In case you think this is all hyperbole and question what I am talking about, there is a very similar pattern here to those whistleblowing medics at the Tavistock Clinic whose stories of malpractice have now so vividly been exposed in the Cass review as true. They were maligned for raising them. It is to the credit of Victoria Atkins that her excellent Statement in the other place drew this out. Credit is also due to Wes Streeting from the Opposition, who also accepted that the Cass review was an important step forward. Kemi Badenoch made the point:

“Had those who warned that gender services in the NHS had been hijacked by ideologues been listened to instead of gagged, children would not have been harmed and the Cass review would not have been required”.

So, although I am making a fuss, I want to say to the Government that maybe they should listen to the warnings from whistleblowers in the women’s services sector who are explaining that we are denying women victims single-sex provision, causing great harm and trauma for vulnerable women who might self-exclude and might well not even seek support if services to which they are referred may include men identifying as women.

I will say something very quickly about Amendment 18, because I discussed it fully in Committee. This is an attempt to use the victims’ code to tackle a loophole whereby, if incarcerated or registered sex offenders change their gender, even just by a self-declaration, they are afforded enhanced privacy protection that allows their new identity to disappear from view in terms of criminal justice and normal safeguarding procedures and before criminal justice bodies. Through the sensitivity applications route, a sex offender who changes their gender identity can conceal their past identity and sex for the purpose of, for example, disclosure and barring services—DBS—checking processes. This means that a sex offender’s past name and identity are not displayed on any DBS certificates; they can have their self-declared gender identity instead.

In Committee, I explained that the reason I knew about this loophole was due to the story of Clive Bundy. He was imprisoned for 15 years in 2016 for sexually abusing his own daughter, Ceri-Lee Galvin, throughout her childhood, but was released half way through his sentence. Clive Bundy changed his gender before his early release and became a self-identifying woman, named Claire Fox. This is what drew my attention to this particular case.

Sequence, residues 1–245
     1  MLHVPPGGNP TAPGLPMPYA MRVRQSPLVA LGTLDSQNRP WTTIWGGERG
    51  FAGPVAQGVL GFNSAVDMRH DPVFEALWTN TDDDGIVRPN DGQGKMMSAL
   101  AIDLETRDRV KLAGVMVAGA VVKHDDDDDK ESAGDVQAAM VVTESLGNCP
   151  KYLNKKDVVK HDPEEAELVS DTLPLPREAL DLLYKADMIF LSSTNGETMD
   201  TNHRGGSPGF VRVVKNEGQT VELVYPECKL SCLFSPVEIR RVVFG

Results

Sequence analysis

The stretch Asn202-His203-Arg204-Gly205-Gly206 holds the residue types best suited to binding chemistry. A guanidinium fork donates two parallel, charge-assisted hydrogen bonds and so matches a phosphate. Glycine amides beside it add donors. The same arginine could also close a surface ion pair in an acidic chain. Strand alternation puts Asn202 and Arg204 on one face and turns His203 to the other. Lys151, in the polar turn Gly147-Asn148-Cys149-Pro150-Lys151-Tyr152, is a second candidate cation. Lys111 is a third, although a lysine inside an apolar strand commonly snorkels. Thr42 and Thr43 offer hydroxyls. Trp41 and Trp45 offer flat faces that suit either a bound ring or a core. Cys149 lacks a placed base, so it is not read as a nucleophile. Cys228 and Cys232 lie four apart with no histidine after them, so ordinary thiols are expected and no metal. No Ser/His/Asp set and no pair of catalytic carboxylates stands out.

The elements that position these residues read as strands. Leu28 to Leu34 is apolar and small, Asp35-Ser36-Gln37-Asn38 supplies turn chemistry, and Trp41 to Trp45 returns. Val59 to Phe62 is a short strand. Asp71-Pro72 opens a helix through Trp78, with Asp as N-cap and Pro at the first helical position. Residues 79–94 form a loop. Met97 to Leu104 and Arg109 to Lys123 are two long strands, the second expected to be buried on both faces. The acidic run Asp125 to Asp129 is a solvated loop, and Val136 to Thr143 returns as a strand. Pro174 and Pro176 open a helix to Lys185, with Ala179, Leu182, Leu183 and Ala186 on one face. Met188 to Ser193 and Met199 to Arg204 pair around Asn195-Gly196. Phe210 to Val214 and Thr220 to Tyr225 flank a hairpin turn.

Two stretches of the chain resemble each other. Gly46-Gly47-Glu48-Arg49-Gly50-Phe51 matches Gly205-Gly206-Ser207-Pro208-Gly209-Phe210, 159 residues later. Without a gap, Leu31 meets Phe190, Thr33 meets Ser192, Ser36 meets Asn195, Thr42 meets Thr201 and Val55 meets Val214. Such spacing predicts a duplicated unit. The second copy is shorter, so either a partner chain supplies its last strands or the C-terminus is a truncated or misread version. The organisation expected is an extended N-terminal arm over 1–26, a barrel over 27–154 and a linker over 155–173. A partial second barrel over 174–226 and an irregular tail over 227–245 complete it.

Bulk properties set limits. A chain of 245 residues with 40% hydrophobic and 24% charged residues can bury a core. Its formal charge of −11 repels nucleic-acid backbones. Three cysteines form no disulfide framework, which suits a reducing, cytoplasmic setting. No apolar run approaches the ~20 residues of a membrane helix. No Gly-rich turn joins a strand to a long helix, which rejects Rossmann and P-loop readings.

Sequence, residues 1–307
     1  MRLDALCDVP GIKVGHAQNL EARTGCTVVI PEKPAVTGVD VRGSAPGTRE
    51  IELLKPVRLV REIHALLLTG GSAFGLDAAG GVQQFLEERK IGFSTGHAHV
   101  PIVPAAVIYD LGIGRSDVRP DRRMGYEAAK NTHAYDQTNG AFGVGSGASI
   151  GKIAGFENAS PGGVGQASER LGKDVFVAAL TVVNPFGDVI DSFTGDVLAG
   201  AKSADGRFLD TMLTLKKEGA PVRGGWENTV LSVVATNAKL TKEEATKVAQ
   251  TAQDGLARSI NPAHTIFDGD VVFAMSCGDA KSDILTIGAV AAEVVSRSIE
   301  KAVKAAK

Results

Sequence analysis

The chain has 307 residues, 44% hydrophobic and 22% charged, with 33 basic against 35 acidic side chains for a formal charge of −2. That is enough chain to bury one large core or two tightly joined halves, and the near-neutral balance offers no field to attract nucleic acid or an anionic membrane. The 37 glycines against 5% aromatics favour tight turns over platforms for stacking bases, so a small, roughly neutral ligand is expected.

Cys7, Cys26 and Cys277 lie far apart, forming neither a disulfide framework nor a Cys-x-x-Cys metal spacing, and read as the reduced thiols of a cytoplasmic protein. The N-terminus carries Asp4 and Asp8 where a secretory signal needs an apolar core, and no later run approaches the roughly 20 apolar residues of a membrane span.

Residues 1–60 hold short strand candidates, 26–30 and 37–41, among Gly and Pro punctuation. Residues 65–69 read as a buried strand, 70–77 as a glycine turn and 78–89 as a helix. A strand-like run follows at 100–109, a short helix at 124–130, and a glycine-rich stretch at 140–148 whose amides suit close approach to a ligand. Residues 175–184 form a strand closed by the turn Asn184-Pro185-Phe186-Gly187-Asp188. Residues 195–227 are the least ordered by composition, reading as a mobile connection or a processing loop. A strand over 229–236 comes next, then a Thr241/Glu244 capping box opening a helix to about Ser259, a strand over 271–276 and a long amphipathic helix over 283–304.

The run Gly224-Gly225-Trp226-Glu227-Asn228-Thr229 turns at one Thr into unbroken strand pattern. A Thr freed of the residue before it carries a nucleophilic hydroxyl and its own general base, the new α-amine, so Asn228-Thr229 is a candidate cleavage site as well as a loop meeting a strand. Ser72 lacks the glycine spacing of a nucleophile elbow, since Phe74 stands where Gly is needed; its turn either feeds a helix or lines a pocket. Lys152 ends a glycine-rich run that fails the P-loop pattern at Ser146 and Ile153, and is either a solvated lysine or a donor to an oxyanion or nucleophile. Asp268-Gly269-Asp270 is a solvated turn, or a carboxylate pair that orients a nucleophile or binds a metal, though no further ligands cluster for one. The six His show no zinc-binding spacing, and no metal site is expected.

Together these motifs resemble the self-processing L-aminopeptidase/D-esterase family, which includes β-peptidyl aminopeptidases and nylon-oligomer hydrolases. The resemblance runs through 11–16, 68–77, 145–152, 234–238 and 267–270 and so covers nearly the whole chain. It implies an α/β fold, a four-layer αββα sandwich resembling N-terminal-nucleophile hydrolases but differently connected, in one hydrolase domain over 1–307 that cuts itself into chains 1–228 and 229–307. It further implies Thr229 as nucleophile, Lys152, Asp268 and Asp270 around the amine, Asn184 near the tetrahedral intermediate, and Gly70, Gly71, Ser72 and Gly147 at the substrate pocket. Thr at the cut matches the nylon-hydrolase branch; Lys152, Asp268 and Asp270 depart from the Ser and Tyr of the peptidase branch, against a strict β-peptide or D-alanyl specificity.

This amendment tackles the anomaly that, due to Bundy’s enhanced privacy rights in relation to his gender change, Ceri-Lee, his victim and his daughter, had no right to know that he had been released as a woman called Claire. After his release, Clive Bundy, also known as Claire Fox, went to live in the same town as his daughter and her daughter. As Claire Fox, he could apply for jobs or to be a volunteer locally and work with children, including potentially his own granddaughter and no one would know. Any DBS check would not show up red flags and the family would not be forewarned. Amendment 18 wants the Government to look at whether they can do something about this loophole.

Photo of Lord Roborough Lord Roborough Lord in Waiting (HM Household) (Whip)

My Lords, I thank the noble Baroness, Lady Fox, for tabling Amendment 17, which seeks to ensure that victims are able to access support from someone of the same sex, as registered at birth, and that women-only support service provision is confined to those registered as women at birth. I also want to thank the noble Baroness and Maya Forstater and Helen Joyce from Sex Matters for their time in discussing these matters with me yesterday, ahead of this debate.

From the outset, let me be clear that this Government recognise the importance of a victim feeling confident that they can ask for particular things, such as someone of a particular sex to make them feel comfortable and help them best engage with support. We also recognise that single-sex services can and should be provided in some circumstances. That is why we have written to providers who receive funding from our rape and sexual abuse support fund to make clear our expectation that they should take reasonable steps to provide spaces which exclude service users who are not biologically female or male, where that has been requested by a victim and where it is a proportionate means of achieving a legitimate aim, in line with the Equality Act 2010.